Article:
I encourage anyone thinking about entering the Amazon Breakthrough Novel Award to give it a shot. For one, it’s free — already putting it apart from other contests out there. It also has a great support network in the discussion boards, and it draws big names in the publishing field. Even if one doesn’t win, contestants who make it into the second and third rounds receive feedback and a review which can be used to help direct their editing efforts.
What an adventure! Making it to Finalist was surely one of the biggest events of my writing career.
Also, there was this awesome crystal award…
In less than 24 hours the winners of the Amazon Breakthrough Novel Award will be announced. I’m writing this in the king sized bed in our swank Hyatt room in downtown Seattle, where Amazon has put us up for the event, and I can’t stop thinking about how all the waiting and anticipation over the last four weeks is about to come to an end.
It’s a bit like that classic Schrödinger’s Cat experiment, where an unknown outcome is not determined until observed. In that experiment, a live cat is placed in a box with a device that will release deadly cyanide gas into the air if a certain radioactive particle decays within a certain period of time. According to the theory of quantum physics, the cat is neither dead nor alive — thus the outcome not determined — until the experimenter opens the box and observes the state of the cat.
Like that poor kitty, for the past two weeks I’ve been in an uncertain state. When the voting period for ABNA ended, the radioactive particle either decayed or didn’t, and I’ve either won or lost already. In fact, for the last two weeks I’ve already either won the contest or lost it, and now I’m just waiting to open the box and find out which it is.
Despite all the nail-biting anticipation and yearning to know the outcome, at the same time these last few weeks since being told I am a Finalist have been dreamy and full of hope, and for that I am going to miss them.
Tonight all six winners, along with their guests (my wife, Rae, in my case) went out to a place by the iconic Pike Place Market to have dinner and drinks and finally meet each other. They are wonderful people and I wish we could all win. It’s been an honor being able to make it so far in this competition. The next time I update this blog will most certainly be after the winner is announced at the end of the 3-hour awards ceremony tomorrow night. Wish me luck.
Last week I was interviewed by Steven Mark of the Honolulu Star-Advertiser, who wanted to do a story on A Chant of Love and Lamentation reaching the Finals in the ABNA contest. This morning I received a Google Alert telling me about 1 new result for “a chant of love and lamentation.” The article is up in the Sunday paper today. Here’s the link. You might need a subscription to view the whole article. I’ll see if I can post it after some time has passed.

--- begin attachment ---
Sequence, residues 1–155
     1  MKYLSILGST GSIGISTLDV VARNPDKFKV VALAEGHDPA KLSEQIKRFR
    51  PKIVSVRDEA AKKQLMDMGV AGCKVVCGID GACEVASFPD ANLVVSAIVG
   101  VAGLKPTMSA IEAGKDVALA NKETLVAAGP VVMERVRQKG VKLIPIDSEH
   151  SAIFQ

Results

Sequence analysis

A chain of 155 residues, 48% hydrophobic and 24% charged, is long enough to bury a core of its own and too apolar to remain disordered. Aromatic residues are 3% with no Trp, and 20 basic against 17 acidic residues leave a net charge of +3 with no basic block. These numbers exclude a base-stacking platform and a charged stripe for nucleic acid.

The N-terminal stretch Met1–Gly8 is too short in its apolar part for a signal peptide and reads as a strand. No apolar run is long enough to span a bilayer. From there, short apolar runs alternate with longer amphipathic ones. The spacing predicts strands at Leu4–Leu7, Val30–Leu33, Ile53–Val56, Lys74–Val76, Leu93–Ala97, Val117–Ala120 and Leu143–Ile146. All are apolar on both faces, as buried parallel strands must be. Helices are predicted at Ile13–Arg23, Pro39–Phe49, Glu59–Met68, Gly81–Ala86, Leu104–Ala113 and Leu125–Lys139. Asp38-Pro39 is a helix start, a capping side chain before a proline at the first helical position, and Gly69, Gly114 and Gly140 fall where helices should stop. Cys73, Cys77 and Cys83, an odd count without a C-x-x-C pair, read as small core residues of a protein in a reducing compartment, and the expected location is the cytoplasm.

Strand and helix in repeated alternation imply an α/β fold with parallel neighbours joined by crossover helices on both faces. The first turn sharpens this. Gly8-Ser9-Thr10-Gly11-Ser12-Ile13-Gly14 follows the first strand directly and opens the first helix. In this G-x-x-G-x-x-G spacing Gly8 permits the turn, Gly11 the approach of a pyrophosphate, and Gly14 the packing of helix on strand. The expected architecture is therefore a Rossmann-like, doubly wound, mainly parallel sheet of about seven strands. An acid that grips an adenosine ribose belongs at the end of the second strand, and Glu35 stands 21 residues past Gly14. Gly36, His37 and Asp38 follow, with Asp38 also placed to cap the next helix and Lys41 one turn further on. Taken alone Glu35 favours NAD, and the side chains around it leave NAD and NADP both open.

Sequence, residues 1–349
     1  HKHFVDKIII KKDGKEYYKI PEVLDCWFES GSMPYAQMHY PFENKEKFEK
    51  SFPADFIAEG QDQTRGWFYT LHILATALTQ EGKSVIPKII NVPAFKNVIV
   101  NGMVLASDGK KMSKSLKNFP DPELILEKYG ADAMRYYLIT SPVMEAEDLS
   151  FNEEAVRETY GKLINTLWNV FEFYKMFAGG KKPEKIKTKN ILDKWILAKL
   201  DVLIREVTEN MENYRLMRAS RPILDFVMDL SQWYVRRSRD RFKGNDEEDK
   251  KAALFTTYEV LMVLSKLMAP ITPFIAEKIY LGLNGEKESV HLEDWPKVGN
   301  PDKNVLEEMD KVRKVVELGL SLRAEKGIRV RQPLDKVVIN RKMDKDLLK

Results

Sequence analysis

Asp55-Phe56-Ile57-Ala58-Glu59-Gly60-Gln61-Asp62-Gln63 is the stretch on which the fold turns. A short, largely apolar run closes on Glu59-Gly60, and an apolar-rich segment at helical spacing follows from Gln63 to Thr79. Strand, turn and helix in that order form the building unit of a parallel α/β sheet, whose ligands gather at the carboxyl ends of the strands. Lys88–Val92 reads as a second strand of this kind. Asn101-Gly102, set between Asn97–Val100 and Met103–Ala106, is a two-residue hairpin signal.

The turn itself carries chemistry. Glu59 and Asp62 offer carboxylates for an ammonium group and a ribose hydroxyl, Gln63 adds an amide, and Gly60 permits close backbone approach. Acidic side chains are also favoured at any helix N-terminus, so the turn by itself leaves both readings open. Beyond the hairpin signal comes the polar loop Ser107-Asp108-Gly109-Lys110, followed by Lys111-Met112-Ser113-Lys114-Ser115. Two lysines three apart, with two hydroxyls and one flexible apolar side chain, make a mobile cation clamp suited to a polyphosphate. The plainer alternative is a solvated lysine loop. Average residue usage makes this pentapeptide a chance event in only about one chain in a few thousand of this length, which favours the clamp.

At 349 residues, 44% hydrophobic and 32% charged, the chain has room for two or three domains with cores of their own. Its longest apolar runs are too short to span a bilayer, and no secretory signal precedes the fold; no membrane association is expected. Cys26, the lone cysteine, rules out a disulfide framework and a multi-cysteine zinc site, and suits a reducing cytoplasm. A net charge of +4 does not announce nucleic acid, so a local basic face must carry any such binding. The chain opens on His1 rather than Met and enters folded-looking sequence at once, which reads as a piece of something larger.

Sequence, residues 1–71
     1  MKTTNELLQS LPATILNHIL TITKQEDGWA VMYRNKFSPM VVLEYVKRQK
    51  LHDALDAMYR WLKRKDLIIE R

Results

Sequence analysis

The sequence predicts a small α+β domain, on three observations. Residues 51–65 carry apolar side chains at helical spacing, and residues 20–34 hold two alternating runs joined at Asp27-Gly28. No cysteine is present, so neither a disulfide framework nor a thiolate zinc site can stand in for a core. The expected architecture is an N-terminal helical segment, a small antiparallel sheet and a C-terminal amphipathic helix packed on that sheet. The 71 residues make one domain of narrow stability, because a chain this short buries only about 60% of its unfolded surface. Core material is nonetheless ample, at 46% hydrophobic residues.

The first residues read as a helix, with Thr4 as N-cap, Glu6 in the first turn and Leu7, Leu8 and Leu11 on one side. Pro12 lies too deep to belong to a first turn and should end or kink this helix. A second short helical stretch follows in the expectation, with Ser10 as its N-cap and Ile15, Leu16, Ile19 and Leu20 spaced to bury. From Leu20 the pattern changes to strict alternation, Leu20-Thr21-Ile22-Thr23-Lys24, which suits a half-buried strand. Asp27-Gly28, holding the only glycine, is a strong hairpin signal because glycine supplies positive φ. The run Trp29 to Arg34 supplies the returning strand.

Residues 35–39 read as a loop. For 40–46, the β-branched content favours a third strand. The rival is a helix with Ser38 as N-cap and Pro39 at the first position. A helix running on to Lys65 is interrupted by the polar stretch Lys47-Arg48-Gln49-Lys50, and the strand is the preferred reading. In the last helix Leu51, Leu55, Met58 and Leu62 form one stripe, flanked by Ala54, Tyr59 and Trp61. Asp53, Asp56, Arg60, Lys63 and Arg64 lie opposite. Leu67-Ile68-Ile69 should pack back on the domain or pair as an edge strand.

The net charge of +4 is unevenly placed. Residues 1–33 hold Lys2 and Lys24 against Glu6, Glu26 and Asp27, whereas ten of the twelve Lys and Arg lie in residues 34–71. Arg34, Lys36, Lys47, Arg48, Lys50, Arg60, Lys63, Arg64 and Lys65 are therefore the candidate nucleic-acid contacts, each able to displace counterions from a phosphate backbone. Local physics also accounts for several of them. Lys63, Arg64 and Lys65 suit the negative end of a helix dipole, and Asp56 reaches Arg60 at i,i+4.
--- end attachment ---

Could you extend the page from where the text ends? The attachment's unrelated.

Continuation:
I was interviewed by Steven Mark two times, both for about half an hour, and he asked very probing and insightful questions. The article discussed the competition, then provided a little background on my history with Hawai`i and my thoughts on the sovereignty movement. He had also asked about the process of writing the book, how it had changed, and where some of my ideas came from, and a few of my answers were included in his article. For example, when he asked why I had chosen to focus on so much conflict, I told him that I don’t think one could see change happen quickly without some extreme deprivation, and conflict is interesting and makes for a better read than slow political progress.
Steven Mark also mentioned my time as a cab driver and other local experiences that helped me flesh out characters. He ended by pointing out that I’m aware of the delicate nature of the topic, but that I wanted to tell the story.
It was exciting to see a mention in the paper! To this day I don’t know how “locals,” those of Hawaiian descent, sovereigntists, or any combination of the above will receive this novel. I have a fervent hope that they will see that violence is not glorified in “Chant” — in fact, the way real freedom is won is through the political process by smart and driven characters, and those who commit violent acts are shown as remorseful, cowardly, or damaged. I’m a firm believer in self-determination for kanaka maoli, and hope this novel resonates with readers.
So the big news is actually already a week old: I am a finalist in this year’s Amazon Breakthrough Novel Award. This contest is held every year, and 10,000 writers split between the categories of Young Adult and General Literature can enter their novels for a chance to win a publishing contract and a $15,000 dollar advance. The judging involves several rounds of elimination, and entrants have to have a pretty solid pitch and excerpt if they hope to beat out their competition.